• Last workout more than a week (7 days) old.

Number: 9,374
$2 Net Return: $1.41 

Well, on this count, those old handicapping tomes come up aces, as I always read that, in claiming races especially, recent and consistent works are paramount. And this appears to be true in non-claiming affairs as well, although the effect of a recent work is not as pronounced it would seem.

Next, I looked at the distance of the last work — something that I believed from experience would be telling.

Turns out, I was right.

Claiming Races

  • Last workout less than four furlongs.

Number: 2,527
$2 Net Return: $1.16 

  • Last workout 4-5 ½ furlongs.

Number: 7,036
$2 Net Return: $1.54 

  • Last workout six furlongs or greater.

Number: 313
$2 Net Return: $2.29

Non-Claiming Races 

  • Last workout less than four furlongs.

Number: 5,427
$2 Net Return: $1.32 

  • Last workout 4-5 ½ furlongs.

Number: 12,335
$2 Net Return: $1.49 

  • Last workout six furlongs or greater.

Number: 547
$2 Net Return: $1.81 

In claiming races, final workouts of less than four furlongs in distance produced a loss of nearly 42 cents on every wagered dollar; in non-claiming races, the loss was 34 cents per dollar bet. But look at the data on final workouts of six furlongs or greater: Here, we see a profit of almost 15 cents in claiming affairs and a loss of less than a dime in non-claiming events.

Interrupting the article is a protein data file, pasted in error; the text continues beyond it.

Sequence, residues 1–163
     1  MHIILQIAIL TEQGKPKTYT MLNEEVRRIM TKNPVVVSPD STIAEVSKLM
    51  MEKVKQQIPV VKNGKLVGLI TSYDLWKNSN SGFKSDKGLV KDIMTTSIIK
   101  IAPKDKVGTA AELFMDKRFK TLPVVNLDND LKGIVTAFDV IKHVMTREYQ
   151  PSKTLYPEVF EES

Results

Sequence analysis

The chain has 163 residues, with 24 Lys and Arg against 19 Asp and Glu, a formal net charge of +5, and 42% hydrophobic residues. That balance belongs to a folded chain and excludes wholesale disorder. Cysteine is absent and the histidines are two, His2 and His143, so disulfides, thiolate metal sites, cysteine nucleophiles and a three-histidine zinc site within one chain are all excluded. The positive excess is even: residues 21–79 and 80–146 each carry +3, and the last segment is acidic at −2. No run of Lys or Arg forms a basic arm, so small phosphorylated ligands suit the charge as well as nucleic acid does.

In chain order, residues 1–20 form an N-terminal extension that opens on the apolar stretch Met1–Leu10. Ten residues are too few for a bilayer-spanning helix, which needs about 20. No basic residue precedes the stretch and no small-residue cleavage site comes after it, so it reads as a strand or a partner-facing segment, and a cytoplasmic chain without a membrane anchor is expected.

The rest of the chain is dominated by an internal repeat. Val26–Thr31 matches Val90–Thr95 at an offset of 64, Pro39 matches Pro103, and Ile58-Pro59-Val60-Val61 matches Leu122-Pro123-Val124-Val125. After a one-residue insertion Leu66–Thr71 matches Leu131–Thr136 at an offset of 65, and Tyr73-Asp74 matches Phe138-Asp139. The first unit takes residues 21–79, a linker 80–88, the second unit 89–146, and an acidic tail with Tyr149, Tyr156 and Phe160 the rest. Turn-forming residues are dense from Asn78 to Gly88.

Lastly, I looked at the most controversial workout factor of all — time.

Because what constitutes a “fast” work is open to interpretation and often dependent on effort (not to mention the definition of “handily” and “breezing”), I decided to view time as a potential elimination factor. Hence, I looked for horses whose last work qualified as “slow” per the chart below:

Slow-Workout-Chart

Claiming Races

  • Slow last workout.

Number: 1,496
$2 Net Return: $0.89 

Non-Claiming Races 

  • Slow last workout.

Number: 7,113
$2 Net Return: $1.19 

Once again, the numbers are astounding. Contrary to popular opinion and regardless of individual training styles, it seems clear that a slow last workout does about as much for a horse as a treadmill set at “1” does for humans — absolutely nothing.

So with all this in mind, I combined the factors I’d tested above to see if I could define a decent workout, one that might make first-time starters a little more palatable from a betting standpoint:

Claiming Races 

Last workout:

  • At least 6 furlongs.
  • Seven days old or less.
  • Not slow (see chart above).

Number: 101
$2 Net Return: $3.73 

Non-Claiming Races 

Last workout:

  • At least 6 furlongs.
  • Seven days old or less.
  • Not slow (see chart above).

Number: 113
$2 Net Return: $2.41 

Pretty amazing. Three simple rules produce spectacular profits with first-time starters in both claiming and non-claiming races. Now, before you tell your boss to “shove it” and start betting on firsters for a living, keep in mind that my original database consisted of approximately 50,000 races… and it generated a total of 214 plays.

That’s not exactly going to pay the rent.

Still, the results are encouraging. At the very least they demonstrate that one can apply broad standards to workouts and needn’t rely on Internet gurus or a friend of a friend of the trainer to assess the merits of a horse making its career debut.

Derek Simon
Derek Simon is the Senior Editor and Handicapper at US Racing.